Winter nights are drawing longer, and darkness is a thematic metaphor of the time of year. So many different cultures, from so many different places, celebrate festivals of light in darkness. We explore just why that might be.
As Jews who grew up in America, we gravitate to the contrast between Chanukah and Christmas. A rather humorous round of reflection ensues. Growing up Jewish in America during Christmas season is a truly absurdist experience! However, in contrasting the two holidays, we uncover a fundamental difference in how the respective cultures see light and darkness.
Light in Darkness
Hannukah is all about the personal, with its little lights you must create, and a celebration of everyone’s lives making the world just that much brighter. Christmas, in contrast, is about light in general, the dawning of light in a world waiting for it – but it lacks the personal touch.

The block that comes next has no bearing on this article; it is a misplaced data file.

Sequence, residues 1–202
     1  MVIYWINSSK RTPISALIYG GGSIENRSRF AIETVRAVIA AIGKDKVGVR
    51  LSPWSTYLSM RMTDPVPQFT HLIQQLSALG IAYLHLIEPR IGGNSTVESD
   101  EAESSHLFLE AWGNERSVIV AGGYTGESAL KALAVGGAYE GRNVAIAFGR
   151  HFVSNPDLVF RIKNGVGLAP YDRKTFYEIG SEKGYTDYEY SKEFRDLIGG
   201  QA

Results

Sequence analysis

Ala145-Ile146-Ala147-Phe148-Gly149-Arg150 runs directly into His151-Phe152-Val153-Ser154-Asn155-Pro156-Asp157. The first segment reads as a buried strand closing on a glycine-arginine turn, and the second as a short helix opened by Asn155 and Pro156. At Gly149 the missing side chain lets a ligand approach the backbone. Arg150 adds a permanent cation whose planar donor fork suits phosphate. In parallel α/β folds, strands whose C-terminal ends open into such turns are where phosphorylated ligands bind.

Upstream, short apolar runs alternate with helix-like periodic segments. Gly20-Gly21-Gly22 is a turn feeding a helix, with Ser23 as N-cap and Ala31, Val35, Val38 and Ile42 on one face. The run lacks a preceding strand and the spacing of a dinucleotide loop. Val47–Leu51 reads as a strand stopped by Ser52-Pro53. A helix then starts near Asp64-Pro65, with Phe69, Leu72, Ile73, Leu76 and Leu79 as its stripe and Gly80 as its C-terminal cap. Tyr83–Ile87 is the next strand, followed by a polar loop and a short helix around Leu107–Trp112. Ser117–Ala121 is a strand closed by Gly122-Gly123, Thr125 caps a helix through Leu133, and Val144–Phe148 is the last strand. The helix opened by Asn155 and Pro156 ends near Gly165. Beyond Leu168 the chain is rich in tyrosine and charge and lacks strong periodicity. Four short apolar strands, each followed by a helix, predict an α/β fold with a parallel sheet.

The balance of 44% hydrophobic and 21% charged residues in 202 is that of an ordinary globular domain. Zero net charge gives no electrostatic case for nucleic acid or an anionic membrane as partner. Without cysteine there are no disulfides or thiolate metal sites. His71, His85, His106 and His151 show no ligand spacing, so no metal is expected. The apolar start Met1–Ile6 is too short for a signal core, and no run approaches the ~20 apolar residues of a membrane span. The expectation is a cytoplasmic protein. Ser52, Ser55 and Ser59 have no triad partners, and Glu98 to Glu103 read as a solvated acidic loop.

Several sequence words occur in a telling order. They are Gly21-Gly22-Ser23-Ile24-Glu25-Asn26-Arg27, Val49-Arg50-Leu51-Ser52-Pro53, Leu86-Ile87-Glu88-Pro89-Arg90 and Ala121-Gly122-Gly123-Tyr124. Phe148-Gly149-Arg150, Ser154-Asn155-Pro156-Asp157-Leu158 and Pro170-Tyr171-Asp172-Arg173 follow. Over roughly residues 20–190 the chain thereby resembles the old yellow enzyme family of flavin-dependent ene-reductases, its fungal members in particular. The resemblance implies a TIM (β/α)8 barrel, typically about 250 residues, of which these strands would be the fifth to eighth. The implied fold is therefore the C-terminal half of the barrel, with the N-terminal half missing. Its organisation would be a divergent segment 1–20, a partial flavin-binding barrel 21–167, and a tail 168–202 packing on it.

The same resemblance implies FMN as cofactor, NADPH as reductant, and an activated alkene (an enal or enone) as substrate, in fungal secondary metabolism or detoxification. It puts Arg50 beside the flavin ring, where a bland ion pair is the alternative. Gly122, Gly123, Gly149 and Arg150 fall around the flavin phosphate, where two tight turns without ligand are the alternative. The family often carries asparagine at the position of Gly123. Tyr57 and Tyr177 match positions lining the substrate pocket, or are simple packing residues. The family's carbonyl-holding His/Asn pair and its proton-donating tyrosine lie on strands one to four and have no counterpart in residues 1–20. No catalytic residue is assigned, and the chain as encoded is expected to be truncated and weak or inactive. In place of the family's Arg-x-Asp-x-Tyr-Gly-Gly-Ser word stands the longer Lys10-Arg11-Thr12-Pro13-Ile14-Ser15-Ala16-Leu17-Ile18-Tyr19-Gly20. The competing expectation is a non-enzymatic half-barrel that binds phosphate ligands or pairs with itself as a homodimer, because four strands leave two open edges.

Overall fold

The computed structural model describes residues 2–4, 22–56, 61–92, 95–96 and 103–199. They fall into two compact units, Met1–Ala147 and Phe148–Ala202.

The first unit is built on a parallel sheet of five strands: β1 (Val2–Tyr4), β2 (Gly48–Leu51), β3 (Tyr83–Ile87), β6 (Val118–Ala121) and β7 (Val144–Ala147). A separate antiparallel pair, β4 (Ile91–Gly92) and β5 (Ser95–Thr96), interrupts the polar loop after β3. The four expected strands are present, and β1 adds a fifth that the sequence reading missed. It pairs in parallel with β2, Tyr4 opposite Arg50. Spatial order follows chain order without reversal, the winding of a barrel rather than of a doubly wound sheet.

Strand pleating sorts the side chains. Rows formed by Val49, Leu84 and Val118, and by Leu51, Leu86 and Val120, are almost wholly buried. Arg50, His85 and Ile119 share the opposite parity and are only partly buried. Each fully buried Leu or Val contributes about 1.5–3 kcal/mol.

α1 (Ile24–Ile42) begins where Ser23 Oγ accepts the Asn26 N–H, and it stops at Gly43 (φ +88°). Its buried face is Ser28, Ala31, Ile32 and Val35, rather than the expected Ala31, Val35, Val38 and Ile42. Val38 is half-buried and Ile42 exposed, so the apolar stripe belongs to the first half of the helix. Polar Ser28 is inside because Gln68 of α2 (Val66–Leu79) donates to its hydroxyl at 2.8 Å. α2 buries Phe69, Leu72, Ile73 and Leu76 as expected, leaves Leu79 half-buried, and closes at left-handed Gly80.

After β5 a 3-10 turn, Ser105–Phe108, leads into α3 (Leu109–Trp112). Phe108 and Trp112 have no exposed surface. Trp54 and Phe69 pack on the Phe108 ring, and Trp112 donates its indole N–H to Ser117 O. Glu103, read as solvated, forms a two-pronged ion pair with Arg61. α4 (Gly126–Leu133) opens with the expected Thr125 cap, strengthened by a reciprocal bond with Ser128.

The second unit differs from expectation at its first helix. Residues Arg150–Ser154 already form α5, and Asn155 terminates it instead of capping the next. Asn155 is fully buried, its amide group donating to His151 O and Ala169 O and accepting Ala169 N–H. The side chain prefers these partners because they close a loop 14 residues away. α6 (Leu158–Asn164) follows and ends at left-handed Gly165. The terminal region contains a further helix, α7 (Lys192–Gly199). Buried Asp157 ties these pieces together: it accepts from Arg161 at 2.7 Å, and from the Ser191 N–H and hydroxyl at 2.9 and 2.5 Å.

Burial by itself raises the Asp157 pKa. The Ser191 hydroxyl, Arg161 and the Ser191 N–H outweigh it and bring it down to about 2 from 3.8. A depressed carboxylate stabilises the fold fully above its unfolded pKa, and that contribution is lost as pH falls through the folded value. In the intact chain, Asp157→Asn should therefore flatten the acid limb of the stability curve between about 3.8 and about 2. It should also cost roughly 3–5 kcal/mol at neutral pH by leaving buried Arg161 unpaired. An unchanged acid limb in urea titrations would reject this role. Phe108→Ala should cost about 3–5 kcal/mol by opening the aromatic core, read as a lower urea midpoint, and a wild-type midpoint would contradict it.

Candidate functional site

This isn’t just a happy quirk. “I found the light” is a phrase one hears from born again Christians, after all. There is a profound difference in how one lives life lurking in the winter holiday metaphors, here. Do you seek to find light, that exists outside of you? Or do you seek to become the light, yourself? These are two modes of thought, and two ways to live. Which one you choose will define your experience of light in darkness – and your aspirations for your future, and yourself.
The Lonely Journey
We all, in some way, trek through life in search of light in darkness. There are no guarantees you make it, but giving up the search is never an option. For those who live trying to be the light in the world, what you ultimately have is hope.
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